Peelle Lab

Principal Investigator:
Jonathan Peelle, PhD, Associate Professor, Otolaryngology—Head & Neck Surgery


Although our ears are necessary for us to process sounds, it is in our brains that we make sense of this information. When speech is unclear—for example, due to background noise or hearing impairment—our brains must work harder to understand what has been said. This extra challenge requires more cognitive effort, and can detract from other types of tasks that we want to do. That is, when we listen to a speaker in a noisy restaurant, we may find it more difficult remembering what has been said, because we had to spend so much effort understanding the words in the first place.

Research in our lab is focused primarily on understanding how the brain understands speech, and how this is affected by changes in cognitive and hearing ability. We study speech and auditory processing in adults of all ages and varying levels of hearing. We use a combination of behavioral testing and brain imaging to investigate the cognitive processes involved in speech comprehension and how cognitive demands vary between listeners. Some of the brain imaging techniques we rely on are structural magnetic resonance imaging (MRI), functional MRI, and high-density diffuse optical tomography (HD-DOT).

Research Projects

Listening effort and the neural consequences of acoustic challenge

We frequently listen to speech that is acoustically degraded due to background noise, foreign accents, or as a result of hearing loss. In these situations, a listener’s brain must make sense of an acoustic signal that is less detailed, and thus less certain. How do our brains cope with this type of degraded sensory input? In the case of hearing loss, what are the long-term consequences to neural reorganization and plasticity?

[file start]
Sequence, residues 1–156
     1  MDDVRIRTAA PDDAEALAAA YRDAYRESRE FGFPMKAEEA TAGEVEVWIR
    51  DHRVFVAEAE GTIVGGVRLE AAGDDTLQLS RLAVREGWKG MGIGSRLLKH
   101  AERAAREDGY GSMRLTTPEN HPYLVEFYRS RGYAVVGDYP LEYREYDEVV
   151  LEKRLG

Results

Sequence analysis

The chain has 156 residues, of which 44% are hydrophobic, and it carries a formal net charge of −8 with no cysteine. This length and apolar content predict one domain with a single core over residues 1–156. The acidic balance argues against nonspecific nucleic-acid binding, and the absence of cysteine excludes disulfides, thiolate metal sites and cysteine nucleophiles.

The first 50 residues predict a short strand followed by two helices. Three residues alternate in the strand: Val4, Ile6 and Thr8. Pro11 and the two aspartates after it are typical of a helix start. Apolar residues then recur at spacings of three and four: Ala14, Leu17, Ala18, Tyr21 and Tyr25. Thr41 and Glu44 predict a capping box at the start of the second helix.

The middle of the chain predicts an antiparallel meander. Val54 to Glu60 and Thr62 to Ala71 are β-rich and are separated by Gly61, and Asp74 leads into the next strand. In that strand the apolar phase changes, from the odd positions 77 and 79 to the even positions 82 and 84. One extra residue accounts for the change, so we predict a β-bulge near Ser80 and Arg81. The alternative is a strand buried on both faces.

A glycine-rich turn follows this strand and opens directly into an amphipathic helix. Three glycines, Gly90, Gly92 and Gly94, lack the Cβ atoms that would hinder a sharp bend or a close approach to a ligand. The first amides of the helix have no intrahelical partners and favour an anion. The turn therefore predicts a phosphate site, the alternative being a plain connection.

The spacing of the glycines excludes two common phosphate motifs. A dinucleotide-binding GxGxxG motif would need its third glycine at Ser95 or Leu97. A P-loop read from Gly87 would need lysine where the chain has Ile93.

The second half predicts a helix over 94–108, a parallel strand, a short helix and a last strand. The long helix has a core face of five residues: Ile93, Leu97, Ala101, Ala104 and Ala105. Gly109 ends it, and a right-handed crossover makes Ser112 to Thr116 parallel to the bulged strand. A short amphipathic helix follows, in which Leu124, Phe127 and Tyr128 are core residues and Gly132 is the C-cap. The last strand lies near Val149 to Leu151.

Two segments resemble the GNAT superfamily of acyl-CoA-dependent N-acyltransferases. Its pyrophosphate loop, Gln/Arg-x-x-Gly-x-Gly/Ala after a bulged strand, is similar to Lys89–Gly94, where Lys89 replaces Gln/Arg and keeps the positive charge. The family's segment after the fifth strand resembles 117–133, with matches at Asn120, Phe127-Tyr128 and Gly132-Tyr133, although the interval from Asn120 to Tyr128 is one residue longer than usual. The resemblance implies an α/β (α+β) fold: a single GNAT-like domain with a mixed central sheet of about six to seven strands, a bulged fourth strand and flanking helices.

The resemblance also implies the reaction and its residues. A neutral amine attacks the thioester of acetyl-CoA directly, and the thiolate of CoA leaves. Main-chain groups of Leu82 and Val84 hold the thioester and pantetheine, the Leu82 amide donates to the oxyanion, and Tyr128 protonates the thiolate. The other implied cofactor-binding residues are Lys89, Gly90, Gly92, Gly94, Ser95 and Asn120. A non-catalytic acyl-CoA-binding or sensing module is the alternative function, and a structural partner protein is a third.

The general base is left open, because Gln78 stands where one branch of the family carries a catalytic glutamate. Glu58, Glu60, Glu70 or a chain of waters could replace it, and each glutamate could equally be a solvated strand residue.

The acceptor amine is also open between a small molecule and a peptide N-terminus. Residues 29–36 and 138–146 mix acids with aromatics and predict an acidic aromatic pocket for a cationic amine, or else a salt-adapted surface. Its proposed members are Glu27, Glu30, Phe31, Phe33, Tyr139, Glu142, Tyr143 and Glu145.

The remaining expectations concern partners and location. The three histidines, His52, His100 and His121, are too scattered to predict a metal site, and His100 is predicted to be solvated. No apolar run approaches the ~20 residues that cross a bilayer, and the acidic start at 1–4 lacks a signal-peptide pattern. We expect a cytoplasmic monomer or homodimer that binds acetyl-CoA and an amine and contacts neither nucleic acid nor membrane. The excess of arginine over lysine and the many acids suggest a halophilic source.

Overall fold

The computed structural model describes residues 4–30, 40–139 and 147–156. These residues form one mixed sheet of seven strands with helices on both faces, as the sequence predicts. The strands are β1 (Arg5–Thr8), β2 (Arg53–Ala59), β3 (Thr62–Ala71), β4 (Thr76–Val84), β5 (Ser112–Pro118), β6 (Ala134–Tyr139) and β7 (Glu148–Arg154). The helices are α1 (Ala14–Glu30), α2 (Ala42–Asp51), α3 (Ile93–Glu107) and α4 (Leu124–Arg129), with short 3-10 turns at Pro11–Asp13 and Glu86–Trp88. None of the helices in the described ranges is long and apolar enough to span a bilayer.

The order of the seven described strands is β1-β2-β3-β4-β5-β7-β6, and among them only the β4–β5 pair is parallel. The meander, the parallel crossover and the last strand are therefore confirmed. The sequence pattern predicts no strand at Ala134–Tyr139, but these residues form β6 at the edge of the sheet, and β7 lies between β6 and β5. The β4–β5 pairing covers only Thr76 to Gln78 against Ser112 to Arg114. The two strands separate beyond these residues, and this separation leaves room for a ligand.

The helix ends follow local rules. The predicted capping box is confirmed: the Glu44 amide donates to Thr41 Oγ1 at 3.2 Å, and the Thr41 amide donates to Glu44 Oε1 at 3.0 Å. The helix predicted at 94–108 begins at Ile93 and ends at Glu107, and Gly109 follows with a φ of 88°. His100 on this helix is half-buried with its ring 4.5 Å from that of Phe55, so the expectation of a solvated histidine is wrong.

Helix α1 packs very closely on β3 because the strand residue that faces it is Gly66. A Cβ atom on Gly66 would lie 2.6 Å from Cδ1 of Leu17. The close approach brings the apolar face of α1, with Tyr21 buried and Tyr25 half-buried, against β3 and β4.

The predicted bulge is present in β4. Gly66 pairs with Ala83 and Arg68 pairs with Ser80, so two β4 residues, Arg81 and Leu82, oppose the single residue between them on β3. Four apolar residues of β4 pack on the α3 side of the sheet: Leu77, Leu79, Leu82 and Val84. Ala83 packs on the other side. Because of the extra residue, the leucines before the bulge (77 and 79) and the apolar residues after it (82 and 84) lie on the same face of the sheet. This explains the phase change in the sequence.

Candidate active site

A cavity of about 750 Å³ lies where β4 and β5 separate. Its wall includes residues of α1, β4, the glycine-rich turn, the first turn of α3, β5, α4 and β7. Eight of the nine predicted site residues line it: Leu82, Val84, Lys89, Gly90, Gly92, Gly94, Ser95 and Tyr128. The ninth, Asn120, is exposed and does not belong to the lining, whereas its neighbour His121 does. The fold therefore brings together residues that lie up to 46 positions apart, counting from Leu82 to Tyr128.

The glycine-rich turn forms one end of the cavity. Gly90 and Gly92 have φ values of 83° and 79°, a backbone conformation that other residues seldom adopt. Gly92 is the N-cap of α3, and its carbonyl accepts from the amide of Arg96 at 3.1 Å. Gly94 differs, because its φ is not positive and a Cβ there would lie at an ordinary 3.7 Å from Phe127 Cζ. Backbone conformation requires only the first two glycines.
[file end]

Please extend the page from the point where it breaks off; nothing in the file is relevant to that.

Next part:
One way we have studied hearing loss is to look at the structure and function of auditory brain regions in listeners over the age of 60, who frequently have some hearing loss. We find that individual differences in hearing ability are correlated with both the pattern of brain activity during speech comprehension, and with the volume of gray matter in auditory cortex. This suggests that hearing impairment is associated with both functional and structural brain changes, which may influence other aspects of language processing.

Age-related changes in speech comprehension

The structural and functional brain networks supporting speech comprehension undergo significant change over our lifetimes. To date our work in this area has focused primarily on adult age-related changes in speech comprehension. Normal aging is an interesting case because it entails changes to both sensory ability (e.g., some degree of hearing loss is typical) and cognitive systems.

What we find is that when listening to spoken sentences, older adults rely on many of the same brain regions as young adults. However, older adults also tend to use some additional regions not used by young adults, especially in frontal cortex. One of the goals of our ongoing work is to better specify the additional cognitive processes involved, and to determine whether these are supporting acoustic processing, linguistic processing, or some combination of the two.

Rhythm and predictability in auditory processing

When we listen to someone talk, one of the many cues we use to predict the upcoming speech signal is the amplitude modulation of the ongoing speech—that is, rhythmic information caused by the opening and closing of the mouth in combination with the vibration of the vocal chords. It has recently been demonstrated that ongoing oscillations in the brain track rhythmic information in speech. We study the way in which this neural “tuning” to predictable temporal information, like that in speech rhythm, helps listeners to process auditory input efficiently.

Lab Team

  • Jonathan Peelle, PhD
  • Mike Jones, PhD
  • Austin Luor
  • Sarah McConkey
  • Maggie Zink
  • Aahana Bajracharya

Current Funding